1. ## Polygon triangulation

I have a question related to triangulating <polygons> and <polylist> elements. In the spec for each of these elements it says "primitives that contain four or more vertices may be non-planar as well." I thought that a polygon was considered planar by definition.

What polygon triangulation algorithms are built to handle non-planar polygons? The triangulation sample provided with the Collada dom uses a fanning algorithm, so it doesn't handle holes, non-convex polygons, or non-planar polygons. I have to admit it's a bit annoying that the spec specifically points out that a polygon can be concave, self-intersecting, and non-planar, and the sample code handles none of these cases.

I'm new to the problem of polygon triangulation so any help would be appreciated.

2. Hello,
http://www.cs.unc.edu/~dm/CODE/GEM/chapter.html
There is a better algorith for doing polygon triangulation. We plan on implementing it into the conditioner sample code at some point in the near future. It is not an extremely high priority but it isn't our lowest either.

-Andy

3. That algorithm will handle all the possible variants of polygons in a Collada model? i.e. concave, self-intersecting, non-planar, and polygons with holes?

I'm going to punt the problem for now by using the glu tessellator. We've had problems with the glu tessellator in the past so I'll have to come back to this problem, but it's fine for now. Thanks for the help.

4. Some notes about their implementation:
1. The code is free for non-commercial use only. Not that big a deal... just have to re-implement their ideas.[/*:m:37z4vd8g]
2. The code works with 2d points, which means that their idea of a "polygon" is more in line with mine in that it's planar by definition. So I guess you'd have to project the non-planar polygons onto a plane and then triangulate. Would it always be possible to find a good plane to project onto? I don't know.[/*:m:37z4vd8g]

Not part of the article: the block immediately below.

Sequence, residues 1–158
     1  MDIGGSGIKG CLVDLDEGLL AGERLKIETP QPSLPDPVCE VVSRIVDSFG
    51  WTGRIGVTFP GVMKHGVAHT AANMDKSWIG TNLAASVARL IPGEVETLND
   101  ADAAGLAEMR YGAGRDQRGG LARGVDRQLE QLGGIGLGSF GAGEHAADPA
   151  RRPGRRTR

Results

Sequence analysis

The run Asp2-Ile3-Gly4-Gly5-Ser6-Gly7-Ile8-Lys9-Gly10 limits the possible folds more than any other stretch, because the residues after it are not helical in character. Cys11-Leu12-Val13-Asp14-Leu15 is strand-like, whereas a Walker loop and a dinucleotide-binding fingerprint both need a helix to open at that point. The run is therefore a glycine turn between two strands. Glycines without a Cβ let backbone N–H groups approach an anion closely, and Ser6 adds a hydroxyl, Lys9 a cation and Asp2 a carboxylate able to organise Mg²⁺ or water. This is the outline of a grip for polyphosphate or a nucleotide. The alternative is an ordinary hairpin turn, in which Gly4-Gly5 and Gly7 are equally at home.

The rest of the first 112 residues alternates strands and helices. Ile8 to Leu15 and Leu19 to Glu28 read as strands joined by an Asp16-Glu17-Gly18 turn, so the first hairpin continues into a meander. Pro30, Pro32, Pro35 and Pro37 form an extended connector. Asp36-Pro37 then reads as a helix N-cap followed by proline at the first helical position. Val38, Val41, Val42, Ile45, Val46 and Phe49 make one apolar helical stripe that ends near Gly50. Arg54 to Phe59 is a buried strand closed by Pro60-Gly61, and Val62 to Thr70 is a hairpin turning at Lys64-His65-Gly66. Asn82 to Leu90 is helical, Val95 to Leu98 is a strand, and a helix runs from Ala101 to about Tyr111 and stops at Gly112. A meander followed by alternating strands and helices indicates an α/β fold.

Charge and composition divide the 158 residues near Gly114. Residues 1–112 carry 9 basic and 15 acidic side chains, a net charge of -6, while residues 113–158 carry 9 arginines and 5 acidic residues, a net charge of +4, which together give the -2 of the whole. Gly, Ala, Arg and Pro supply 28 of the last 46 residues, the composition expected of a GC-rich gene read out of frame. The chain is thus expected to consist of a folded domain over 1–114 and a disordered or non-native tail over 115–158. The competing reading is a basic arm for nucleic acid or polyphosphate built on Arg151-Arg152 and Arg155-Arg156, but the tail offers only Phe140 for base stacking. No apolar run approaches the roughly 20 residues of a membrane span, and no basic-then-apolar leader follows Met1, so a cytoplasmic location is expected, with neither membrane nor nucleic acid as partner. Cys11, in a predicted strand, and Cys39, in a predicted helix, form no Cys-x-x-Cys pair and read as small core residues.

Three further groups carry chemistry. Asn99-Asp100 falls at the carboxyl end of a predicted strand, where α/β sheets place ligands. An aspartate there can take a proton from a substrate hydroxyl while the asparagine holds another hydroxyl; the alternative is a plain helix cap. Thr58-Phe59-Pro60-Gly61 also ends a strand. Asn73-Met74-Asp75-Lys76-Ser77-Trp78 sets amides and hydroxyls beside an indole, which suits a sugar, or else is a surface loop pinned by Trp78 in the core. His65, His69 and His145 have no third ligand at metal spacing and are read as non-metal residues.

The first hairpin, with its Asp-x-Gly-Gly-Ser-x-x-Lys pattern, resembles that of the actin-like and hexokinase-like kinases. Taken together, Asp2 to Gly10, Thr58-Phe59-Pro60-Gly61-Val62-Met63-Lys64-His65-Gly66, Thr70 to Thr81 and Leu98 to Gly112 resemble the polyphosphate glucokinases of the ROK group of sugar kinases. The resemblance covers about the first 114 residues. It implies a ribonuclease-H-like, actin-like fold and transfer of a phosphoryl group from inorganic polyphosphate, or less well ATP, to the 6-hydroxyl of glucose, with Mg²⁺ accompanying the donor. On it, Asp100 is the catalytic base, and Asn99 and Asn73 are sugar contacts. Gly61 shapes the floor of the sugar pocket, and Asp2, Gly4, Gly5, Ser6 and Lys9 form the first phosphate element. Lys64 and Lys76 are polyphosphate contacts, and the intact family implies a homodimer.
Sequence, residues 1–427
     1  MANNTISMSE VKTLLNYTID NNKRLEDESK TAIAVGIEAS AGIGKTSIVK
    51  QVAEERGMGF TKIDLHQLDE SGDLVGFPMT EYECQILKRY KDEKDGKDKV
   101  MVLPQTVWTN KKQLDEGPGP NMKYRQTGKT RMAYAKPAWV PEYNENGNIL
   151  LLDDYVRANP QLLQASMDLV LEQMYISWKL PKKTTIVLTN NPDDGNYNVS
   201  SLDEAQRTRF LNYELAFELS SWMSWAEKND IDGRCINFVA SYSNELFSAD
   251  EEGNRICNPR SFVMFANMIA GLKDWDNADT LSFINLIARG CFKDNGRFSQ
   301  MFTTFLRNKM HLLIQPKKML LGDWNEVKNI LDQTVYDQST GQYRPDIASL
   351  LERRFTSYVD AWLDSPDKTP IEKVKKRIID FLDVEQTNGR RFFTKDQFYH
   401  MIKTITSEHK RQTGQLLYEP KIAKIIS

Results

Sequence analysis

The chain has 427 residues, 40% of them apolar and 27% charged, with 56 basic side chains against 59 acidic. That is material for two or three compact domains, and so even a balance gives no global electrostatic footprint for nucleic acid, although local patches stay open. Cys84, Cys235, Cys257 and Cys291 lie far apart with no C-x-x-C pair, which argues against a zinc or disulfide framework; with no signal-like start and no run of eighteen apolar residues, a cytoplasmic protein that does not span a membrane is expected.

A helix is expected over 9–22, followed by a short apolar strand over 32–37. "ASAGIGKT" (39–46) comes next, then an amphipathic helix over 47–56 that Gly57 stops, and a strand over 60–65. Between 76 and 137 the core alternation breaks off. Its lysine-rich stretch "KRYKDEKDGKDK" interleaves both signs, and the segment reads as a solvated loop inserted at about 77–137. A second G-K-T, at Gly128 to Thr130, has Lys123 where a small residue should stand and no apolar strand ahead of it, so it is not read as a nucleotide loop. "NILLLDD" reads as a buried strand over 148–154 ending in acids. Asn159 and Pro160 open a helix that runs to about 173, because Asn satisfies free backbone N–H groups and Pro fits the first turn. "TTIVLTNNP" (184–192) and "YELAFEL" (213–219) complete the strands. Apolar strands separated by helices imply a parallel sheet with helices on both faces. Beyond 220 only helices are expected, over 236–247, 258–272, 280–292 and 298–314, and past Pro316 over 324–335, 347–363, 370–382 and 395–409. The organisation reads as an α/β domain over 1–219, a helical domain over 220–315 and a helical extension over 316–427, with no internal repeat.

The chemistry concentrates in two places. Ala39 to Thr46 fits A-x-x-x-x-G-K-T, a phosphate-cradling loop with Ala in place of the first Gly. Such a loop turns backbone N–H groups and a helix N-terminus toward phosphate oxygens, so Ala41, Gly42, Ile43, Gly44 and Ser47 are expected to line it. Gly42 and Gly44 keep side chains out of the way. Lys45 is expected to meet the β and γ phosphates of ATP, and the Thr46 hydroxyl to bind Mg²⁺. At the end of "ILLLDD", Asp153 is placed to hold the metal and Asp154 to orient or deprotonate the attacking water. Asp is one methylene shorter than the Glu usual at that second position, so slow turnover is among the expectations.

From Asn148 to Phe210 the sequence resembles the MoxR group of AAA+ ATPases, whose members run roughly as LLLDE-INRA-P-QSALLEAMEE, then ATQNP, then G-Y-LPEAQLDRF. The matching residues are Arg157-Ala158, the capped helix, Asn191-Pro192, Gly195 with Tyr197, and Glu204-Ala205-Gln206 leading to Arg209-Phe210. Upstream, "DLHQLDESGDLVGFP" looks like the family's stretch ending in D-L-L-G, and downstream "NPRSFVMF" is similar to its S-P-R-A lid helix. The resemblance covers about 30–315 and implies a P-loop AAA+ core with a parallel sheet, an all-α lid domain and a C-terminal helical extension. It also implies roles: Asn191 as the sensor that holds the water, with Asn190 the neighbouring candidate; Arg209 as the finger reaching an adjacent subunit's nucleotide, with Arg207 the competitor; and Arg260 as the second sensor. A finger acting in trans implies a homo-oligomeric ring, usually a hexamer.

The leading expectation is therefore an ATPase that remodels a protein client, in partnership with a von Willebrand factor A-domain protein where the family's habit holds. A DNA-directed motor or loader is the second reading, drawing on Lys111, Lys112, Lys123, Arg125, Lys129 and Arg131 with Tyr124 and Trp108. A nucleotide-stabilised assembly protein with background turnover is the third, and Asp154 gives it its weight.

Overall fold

3. It claims that "the algorithm handles simple polygons with holes", so I'm guessing it doesn't handle self-intersecting polygons correctly.[/*:m:37z4vd8g]
IMO it'd be better if each polygon were required to be planar and not have any self-intersections. I doubt that any Collada reader in existance handles Collada's polygons correctly.

5. hmm polylist doesn't say that it can be concave or self intersecting. But it doesn't say that they can't either.

Hmm maybe the algorith doesn't do everything that COLLADA supports. I'm sorry I didn't really look at it much. I was just handed the link and told "this would be better than the fanning"

As for non-planar polygons. We are aware that that is an issue with COLLADA. You cannot triangulate a non-planar poly correctly without having extra information specifying the "crease" or something similar. I don't know the technical terms I just know that there are more than one possible triangulation result and not all of them give the same visual output.

-Andy

6. Originally Posted by alorino
hmm polylist doesn't say that it can be concave or self intersecting. But it doesn't say that they can't either.
That's a good point. I sort of assumed <polylist> and <polygons> had the same restrictions (except for the holes), but maybe they don't. Maybe the spec could be a little more clear in that regard.
You cannot triangulate a non-planar poly correctly without having extra information specifying the "crease" or something similar. I don't know the technical terms I just know that there are more than one possible triangulation result and not all of them give the same visual output.
That's what I suspected but I wasn't 100% sure. Should I maybe submit a bug against the spec on this? Are there already plans to tighten the restrictions on polygon elements? Or instead are you going to add support for the extra information needed to correctly triangulate a non-planar polygon? (I hope it's the former).

7. This is not a bug in the specification.

There are no restrictions in COLLADA regarding the polygons other than having a closed contour. They can be non-planar, simple or complex (self intersecting).
In addition <polygons> can have holes, <polylist> cannot.

Note that practically, most polygons with more than 4 vertices will not be planar, due to floating point accuracy. So often application define a tolerance value for deciding if a polygon is planar or not.

If is possible therefore to use COLLADA to store non-flat complex polygons with hole. I know that it is probably not very useful for most applications, that rather have triangles instead. Luckily, most (if not all) packages already have the export as triangle option, which in case of non flat polygons, should produce better results since the tool has more information to create the right tessellation.